Sex abuse 'endemic' in Catholic institutions
More than 800 priests, nuns, monks and teachers created an "endemic" culture of child sex abuse in Catholic schools and residential homes over
almost 80 years, an inquiry has found.
By Auslan Cramb Last Updated: 1:04PM BST 21 May 2009
The state-funded institutions in Ireland were a "secret and closed world run on fear", the decade-long report concluded. However, no new
prosecutions are expected.
The Commission to Inquire into Child Abuse found that nuns and priests terrorised children and covered up years of brutality, rape and molestation in
workhouse-style schools. Ritual beatings were encouraged and paedophiles were shielded.
Archbishop Nichols's response to abuse scandal is perfectly judged
Church failed to act on child sex abuse - report
Hundreds of Irish Catholic priests 'to be implicated in child abuse report'
New Archbishop of Westminster Vincent Nichols attacks secularists
Clergy who admit child abuse 'courageous',claims Catholic leader Vincent Nichols
'The Catholic church failed me. I despised myself and lost all confidence'
The investigation found that in most cases the religious orders hid the crimes and protected the abusers, sometimes moving them to different schools
where they carried on attacking children. One serial sex abuser who began his career as a Christian brother was excused his vows after three cases of
sex abuse, but was able to teach for 40 years.
He terrorised and sexually abused children in six different schools before he was convicted of sex abuse in the 1980s. In another case, a monk who
abused children in England was brought back to Ireland and assigned a teaching post at Lota School in Co Cork, which was run by the Brothers of
Charity. He later admitted multiple sexual assaults on boys.
Many of the worst outrages involved schools run by the Christian Brothers, who were the largest providers of residential care for boys. At Letterfrack
School in Galway, founded on a remote hillside in 1885, levels of sexual abuse were chronic and physical punishment was "severe, excessive and
pervasive". Two sex abusers were present at the school for 14 years each.
Schools run by the Sisters of Mercy were also part of the culture of abuse. They operated 26 "industrial" schools for girls, including Goldenbridge
in Dublin where the regime was "cruel, unrelenting and severe".
There was a high level of physical abuse by religious and lay staff and children lived in constant fear of beatings. The school ran a rosary bead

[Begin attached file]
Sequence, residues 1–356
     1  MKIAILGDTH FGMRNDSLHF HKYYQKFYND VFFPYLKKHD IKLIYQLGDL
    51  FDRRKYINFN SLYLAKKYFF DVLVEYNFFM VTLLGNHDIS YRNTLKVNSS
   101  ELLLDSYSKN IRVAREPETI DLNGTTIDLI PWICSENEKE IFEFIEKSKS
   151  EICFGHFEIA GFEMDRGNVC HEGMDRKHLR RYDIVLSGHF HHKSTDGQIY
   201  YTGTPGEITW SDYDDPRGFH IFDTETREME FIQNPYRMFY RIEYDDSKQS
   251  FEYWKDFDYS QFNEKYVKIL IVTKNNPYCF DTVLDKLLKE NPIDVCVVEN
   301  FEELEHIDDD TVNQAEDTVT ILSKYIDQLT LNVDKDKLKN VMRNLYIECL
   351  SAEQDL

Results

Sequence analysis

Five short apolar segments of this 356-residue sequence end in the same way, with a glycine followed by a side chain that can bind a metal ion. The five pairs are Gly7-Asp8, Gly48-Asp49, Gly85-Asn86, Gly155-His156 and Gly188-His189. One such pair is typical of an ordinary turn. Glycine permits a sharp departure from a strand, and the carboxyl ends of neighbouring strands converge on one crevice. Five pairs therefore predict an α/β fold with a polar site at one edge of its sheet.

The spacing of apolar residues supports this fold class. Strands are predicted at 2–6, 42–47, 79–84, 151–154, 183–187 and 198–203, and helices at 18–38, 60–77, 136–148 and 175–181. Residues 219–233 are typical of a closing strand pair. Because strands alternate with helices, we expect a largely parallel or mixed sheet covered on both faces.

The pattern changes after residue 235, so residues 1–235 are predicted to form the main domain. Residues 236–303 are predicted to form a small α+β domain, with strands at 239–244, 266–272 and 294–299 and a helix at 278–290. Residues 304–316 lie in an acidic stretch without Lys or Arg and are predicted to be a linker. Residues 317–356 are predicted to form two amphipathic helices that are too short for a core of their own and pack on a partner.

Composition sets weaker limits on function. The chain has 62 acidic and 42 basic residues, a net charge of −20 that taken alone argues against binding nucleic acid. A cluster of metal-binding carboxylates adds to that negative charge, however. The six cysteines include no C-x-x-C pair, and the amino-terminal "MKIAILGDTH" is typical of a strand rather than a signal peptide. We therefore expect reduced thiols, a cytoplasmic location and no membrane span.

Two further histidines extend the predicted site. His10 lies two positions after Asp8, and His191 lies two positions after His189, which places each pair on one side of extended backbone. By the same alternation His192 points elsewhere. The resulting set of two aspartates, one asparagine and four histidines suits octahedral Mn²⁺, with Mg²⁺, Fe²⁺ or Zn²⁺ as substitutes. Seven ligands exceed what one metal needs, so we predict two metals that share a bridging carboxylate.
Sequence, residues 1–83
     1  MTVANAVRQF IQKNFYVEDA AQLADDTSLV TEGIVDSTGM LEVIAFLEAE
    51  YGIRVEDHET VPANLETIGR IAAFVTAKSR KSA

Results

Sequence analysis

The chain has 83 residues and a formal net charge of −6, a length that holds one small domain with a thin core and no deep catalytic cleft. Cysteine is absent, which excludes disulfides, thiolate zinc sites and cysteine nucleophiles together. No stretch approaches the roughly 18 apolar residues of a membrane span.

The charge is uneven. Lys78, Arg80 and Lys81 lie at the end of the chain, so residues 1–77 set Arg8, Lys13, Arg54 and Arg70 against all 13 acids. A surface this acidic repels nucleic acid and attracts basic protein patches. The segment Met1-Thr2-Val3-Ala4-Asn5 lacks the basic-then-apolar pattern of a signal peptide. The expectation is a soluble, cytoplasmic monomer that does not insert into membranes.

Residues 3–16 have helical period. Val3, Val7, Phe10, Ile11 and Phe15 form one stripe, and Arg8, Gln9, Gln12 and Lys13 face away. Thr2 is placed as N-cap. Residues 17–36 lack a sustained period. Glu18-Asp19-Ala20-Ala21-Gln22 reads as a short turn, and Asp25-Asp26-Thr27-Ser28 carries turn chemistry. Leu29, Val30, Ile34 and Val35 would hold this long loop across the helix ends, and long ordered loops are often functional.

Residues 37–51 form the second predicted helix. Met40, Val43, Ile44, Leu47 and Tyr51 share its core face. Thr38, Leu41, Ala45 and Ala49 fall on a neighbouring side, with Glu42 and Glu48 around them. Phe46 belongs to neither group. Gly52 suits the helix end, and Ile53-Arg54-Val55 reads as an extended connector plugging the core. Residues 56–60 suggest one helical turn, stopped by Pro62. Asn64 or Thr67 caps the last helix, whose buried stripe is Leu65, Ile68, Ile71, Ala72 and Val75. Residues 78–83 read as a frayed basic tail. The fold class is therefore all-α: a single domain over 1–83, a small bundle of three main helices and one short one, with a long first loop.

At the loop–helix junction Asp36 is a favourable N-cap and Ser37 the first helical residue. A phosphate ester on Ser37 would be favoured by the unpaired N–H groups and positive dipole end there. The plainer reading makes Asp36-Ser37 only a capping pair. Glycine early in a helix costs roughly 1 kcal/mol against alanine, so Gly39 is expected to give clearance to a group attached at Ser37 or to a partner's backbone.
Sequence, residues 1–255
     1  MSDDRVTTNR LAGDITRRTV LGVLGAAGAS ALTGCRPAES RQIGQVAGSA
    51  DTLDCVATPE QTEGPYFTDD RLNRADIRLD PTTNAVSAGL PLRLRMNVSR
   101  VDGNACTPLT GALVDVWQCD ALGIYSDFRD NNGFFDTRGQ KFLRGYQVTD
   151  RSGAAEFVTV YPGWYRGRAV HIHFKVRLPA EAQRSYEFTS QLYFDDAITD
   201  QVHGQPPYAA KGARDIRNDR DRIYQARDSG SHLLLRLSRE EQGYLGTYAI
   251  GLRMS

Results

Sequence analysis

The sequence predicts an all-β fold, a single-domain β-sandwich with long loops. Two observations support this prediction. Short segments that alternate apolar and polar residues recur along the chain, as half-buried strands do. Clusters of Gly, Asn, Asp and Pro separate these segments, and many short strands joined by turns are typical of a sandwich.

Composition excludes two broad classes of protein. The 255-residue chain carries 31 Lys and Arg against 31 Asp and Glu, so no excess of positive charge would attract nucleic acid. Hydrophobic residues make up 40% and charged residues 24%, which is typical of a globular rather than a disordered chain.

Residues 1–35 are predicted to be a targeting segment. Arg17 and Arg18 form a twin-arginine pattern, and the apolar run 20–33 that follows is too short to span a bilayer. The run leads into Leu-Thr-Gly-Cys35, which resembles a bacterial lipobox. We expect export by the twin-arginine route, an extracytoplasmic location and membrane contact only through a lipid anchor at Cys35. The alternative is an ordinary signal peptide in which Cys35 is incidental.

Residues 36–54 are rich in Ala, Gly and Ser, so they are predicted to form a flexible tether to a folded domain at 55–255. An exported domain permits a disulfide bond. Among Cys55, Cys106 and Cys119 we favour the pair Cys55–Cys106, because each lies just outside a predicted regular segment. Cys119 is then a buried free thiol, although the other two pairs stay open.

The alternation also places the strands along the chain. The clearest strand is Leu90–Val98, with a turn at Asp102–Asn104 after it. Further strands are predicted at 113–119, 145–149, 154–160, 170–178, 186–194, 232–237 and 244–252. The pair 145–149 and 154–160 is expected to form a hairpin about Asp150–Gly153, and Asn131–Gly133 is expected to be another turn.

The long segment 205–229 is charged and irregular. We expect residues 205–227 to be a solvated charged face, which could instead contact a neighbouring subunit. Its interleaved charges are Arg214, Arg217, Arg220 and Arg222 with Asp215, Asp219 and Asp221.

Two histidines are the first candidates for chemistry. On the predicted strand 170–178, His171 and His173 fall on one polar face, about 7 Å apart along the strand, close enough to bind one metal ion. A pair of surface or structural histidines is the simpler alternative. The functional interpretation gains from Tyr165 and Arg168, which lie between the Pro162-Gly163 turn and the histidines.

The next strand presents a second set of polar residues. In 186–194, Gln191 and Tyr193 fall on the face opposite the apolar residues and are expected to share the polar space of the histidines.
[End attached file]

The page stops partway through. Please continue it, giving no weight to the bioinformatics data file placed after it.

industry and imposed "impossible standards" on the girls, who suffered emotional abuse and were regularly "humiliated and belittled".
The report calls for a permanent public memorial to the victims. The Taoiseach Brian Cowen said the report was an appalling reminder of a "bygone
day" and its recommendations would be taken on board. The Irish state is accused of abdicating responsibility for around 35,000 children who were
placed in the network of reformatories, industrial schools and orphanages up to the 1990s, including disadvantaged, neglected and abandoned boys and
girls as well as unmarried mothers.
The commission's five-volume, 2,500-page report describes a Victorian model of childcare that survived from 1914 through most of the 20th century and
will further erode the moral authority of the Catholic Church in Ireland. It says a climate of fear, created by pervasive, excessive and arbitrary
punishment, permeated most of the institutions and "all those run for boys", adding: "Children lived with the daily terror of not knowing where the
next beating was coming from."
Sex abuse was endemic in boys' homes and common in girls' schools - with predatory abuse from male employees and even visitors - but the Department
of Education did little to stop it and was "completely deferential" to the religious orders. The commission took evidence in detail from 1,100
people who complained of abuse by 800 members of staff and lay workers in 216 residential homes and schools.
Nearly all the victims complained of physical abuse, and half said they had been sexually abused Many of those who carried out the abuse are now dead,
and a government compensation scheme has already paid out almost one billion euros in compensation to 12,500 people.
There will be no new prosecutions as a result of the inquiry and alleged abusers have not been "named and shamed".
Victims of the regime, who were barred from the report's launch yesterday, complained yesterday that the commission's report did not go far enough
and failed to hold those responsible to account.
The Christian Brothers successfully sued the commission in 2004 to keep the identities of all of its members, dead or alive, unnamed in the report.
John Walsh, of campaign group Irish Survivors of Child Abuse, himself a victim who gave evidence, said: "I'm very angry, very bitter, and feel
cheated and deceived.
"I would have never opened my wounds if I'd known this was going to be the end result. It has devastated me and will devastate most victims because
there is no criminal proceedings and no accountability whatsoever."
The Most Rev Vincent Nichols, the new leader of Catholics in England and Wales, said: "Those in religious orders and some of the clergy in Dublin...
have to face these facts from their past which instinctively and quite naturally they'd rather not look at.
"Those that abused the trust that was placed in them should be brought to public account."